The popular belief is that 99 percent of all management consultants are freshly scrubbed 20-somethings with crisp MBAs and staggering IQs. For the 20 or so major worldwide consulting firms, such is the case. In fact, McKinsey & Company, the world’s best-known firm, likes to offer up an additional array of Ph.D.s, nuclear engineers, and world-class economists.

As measured in sheer numbers, it’s true that a sizable portion of the consulting world is populated by those stereotypes. Each year, roughly 30 percent of all graduating M.B.A.s at U.S. business schools are sucked into the 50 or so largest consulting firms. The math is simple: These 50 largest firms—which collectively have more than 200,000 consultants—average about 15 percent annual turnover. That amounts to about 30,000 new bodies a year needed to feed the big consulting machines.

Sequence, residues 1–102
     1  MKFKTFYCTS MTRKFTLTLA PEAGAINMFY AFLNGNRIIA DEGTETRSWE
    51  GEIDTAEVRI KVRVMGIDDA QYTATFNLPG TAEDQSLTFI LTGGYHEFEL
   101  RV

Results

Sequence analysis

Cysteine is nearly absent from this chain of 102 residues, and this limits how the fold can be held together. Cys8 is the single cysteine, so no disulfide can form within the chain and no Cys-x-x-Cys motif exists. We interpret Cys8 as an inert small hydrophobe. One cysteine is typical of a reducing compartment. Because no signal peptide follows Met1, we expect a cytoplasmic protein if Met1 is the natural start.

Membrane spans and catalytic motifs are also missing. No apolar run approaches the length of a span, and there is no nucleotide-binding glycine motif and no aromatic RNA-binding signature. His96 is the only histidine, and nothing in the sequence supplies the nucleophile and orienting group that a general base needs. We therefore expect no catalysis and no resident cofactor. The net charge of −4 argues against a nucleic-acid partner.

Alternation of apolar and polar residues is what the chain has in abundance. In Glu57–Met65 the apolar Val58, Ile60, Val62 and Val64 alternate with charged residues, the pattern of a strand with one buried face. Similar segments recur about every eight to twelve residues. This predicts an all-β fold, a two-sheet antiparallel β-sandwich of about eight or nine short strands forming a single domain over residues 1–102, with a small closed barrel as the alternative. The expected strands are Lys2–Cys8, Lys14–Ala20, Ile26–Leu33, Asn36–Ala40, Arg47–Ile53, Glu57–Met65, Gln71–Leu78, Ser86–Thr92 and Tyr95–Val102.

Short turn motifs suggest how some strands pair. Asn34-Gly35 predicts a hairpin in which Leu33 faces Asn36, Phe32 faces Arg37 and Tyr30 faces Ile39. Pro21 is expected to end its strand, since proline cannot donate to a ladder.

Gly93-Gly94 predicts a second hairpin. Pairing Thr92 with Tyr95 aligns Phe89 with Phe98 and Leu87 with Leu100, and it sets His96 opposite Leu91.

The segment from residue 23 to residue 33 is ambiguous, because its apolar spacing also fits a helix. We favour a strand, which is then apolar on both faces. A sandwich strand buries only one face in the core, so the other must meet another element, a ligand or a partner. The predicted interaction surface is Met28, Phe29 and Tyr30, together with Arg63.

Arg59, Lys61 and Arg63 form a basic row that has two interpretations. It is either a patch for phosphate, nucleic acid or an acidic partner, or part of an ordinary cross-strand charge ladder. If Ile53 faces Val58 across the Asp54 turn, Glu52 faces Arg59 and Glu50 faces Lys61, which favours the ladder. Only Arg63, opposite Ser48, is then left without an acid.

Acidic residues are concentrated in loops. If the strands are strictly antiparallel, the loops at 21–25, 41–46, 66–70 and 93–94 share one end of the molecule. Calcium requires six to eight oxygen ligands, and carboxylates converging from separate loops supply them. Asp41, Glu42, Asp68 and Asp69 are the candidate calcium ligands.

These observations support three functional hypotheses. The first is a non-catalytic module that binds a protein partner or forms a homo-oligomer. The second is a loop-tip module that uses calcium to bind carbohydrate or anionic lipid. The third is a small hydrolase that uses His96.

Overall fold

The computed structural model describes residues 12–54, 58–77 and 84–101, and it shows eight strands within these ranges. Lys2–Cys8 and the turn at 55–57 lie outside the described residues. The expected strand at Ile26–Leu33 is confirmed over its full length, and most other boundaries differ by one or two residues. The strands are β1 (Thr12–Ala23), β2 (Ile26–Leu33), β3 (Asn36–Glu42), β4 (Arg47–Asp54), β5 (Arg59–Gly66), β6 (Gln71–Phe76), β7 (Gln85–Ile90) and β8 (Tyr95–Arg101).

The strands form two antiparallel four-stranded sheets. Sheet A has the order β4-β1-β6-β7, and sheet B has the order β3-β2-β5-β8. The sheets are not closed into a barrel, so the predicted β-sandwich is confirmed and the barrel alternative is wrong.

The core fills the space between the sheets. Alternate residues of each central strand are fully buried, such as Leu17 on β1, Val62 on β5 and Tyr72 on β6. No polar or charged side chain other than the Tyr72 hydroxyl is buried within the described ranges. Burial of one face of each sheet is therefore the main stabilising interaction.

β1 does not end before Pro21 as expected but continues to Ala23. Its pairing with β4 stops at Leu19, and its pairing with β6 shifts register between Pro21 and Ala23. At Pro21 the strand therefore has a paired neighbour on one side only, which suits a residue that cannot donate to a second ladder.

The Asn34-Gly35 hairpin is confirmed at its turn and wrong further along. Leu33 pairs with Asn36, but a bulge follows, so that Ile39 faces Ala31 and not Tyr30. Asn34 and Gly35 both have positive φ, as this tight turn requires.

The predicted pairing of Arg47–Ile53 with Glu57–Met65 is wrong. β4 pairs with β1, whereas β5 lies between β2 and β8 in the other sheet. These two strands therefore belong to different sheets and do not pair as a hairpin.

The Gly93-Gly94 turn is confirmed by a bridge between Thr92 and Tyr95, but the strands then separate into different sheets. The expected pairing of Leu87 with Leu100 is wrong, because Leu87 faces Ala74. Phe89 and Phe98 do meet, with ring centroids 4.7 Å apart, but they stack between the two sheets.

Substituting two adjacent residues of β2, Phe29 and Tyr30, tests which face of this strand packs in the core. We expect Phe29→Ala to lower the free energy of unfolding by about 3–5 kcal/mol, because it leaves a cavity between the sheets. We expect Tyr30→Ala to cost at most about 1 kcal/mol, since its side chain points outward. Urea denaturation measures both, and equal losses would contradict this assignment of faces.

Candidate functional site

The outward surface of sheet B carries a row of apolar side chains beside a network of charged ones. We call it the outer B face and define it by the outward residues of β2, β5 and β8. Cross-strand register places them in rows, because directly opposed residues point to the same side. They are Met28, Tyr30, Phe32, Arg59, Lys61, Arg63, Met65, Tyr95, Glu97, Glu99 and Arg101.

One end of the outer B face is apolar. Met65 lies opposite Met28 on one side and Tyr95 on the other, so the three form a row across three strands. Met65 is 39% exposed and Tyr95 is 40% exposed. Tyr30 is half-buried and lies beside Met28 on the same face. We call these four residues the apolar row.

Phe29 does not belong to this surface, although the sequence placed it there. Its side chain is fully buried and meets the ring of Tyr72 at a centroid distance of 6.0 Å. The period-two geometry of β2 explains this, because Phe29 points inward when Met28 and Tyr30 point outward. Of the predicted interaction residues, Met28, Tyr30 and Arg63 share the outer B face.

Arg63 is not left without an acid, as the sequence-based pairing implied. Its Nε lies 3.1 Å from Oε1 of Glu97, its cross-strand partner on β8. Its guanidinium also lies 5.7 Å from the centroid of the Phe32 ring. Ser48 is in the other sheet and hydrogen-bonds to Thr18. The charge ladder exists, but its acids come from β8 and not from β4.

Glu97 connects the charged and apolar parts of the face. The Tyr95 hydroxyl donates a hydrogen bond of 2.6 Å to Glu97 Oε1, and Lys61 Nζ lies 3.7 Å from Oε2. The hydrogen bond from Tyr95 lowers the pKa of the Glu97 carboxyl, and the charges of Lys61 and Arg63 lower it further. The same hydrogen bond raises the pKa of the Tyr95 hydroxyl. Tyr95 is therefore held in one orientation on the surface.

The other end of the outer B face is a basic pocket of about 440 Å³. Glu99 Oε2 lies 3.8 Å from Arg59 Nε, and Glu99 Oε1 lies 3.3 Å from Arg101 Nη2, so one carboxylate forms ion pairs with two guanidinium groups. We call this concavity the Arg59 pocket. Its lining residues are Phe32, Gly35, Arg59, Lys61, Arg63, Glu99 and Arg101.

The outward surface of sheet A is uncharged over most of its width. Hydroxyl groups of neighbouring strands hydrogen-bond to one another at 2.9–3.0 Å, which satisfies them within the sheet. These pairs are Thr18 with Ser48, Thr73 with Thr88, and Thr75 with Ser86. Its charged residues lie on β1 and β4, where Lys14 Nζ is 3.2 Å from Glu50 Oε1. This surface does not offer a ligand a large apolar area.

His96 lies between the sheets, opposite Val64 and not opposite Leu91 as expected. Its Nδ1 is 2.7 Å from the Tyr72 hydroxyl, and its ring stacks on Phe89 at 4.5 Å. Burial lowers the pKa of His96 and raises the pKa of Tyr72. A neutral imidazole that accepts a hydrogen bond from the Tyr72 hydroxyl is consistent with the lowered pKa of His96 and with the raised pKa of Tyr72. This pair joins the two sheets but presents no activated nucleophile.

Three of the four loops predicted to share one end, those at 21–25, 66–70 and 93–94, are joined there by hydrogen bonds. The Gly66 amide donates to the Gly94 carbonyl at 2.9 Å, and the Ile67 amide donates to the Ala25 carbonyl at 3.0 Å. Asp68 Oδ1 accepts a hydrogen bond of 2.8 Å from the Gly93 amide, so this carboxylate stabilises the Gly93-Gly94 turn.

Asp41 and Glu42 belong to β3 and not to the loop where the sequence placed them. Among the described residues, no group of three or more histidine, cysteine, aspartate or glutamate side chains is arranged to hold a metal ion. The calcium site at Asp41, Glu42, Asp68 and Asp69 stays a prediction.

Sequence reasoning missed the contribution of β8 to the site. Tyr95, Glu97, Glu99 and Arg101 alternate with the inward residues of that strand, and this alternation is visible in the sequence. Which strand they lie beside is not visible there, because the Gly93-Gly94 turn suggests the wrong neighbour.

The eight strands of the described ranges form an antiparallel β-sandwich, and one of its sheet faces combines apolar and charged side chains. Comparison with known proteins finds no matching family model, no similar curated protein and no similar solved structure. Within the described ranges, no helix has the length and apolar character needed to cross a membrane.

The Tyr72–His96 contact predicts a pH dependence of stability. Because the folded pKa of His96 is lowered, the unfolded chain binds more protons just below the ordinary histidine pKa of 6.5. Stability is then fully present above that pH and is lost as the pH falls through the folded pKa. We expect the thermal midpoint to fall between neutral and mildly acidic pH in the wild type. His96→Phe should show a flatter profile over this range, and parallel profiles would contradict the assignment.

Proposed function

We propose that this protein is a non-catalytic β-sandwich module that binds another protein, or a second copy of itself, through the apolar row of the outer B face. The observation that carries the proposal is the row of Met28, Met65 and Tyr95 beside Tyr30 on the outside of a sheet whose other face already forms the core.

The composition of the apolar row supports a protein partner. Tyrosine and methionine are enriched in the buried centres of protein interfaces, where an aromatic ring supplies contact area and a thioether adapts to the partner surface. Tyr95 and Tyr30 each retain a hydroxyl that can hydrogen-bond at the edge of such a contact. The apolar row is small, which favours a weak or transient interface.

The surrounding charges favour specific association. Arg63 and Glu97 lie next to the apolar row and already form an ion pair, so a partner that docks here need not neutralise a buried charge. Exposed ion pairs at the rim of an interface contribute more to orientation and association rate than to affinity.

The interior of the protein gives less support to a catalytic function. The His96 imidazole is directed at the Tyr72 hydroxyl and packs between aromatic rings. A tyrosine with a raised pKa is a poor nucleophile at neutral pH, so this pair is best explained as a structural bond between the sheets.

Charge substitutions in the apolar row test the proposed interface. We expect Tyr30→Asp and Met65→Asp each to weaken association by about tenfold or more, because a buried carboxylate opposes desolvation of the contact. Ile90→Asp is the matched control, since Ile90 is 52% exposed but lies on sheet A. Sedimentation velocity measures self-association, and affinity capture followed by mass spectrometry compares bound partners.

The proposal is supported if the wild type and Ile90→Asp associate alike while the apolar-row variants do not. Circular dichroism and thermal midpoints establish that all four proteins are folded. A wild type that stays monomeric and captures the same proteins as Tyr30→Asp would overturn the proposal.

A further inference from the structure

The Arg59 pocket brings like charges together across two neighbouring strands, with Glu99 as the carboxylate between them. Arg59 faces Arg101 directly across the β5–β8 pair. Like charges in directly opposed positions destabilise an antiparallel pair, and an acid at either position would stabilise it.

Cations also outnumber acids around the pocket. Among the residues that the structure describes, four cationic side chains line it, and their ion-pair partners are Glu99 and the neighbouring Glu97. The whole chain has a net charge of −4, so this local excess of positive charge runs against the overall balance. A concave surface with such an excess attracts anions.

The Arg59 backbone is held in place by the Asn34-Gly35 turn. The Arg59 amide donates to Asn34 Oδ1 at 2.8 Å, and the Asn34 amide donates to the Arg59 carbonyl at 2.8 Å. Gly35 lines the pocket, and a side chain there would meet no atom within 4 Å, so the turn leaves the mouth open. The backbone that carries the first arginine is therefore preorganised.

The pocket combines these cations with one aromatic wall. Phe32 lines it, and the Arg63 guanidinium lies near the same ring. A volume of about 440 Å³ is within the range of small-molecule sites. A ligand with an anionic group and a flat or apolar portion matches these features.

In reality, you’re more likely to run into a “single shingle” than a big firm rep. Is there a difference? Beyond the size issue, solos do provide a distinct outlook. A solo consultant’s “product” is his or her expertise. There is no hiding behind the brand name of a larger firm. And unlike the perceived arrogance associated with upper-echelon consulting firms, good solos rarely confuse confidence with ego.

Let’s face it: Most consultants who flee big firms to start their own practice possess an obsessive desire to serve their clients. The pressure to sell services at larger firms turns 180 degrees when these folks strike out on their own, usually to the point where solos view their involvement as partnerships rather than engagements.

The knock against solo consultants and smaller consulting firms is they lack the sophistication of big, global operations. True, they’re not the first call you make when talking about a major systems implementation project. But don’t automatically dismiss the little guy or lady. You might be surprised at the results.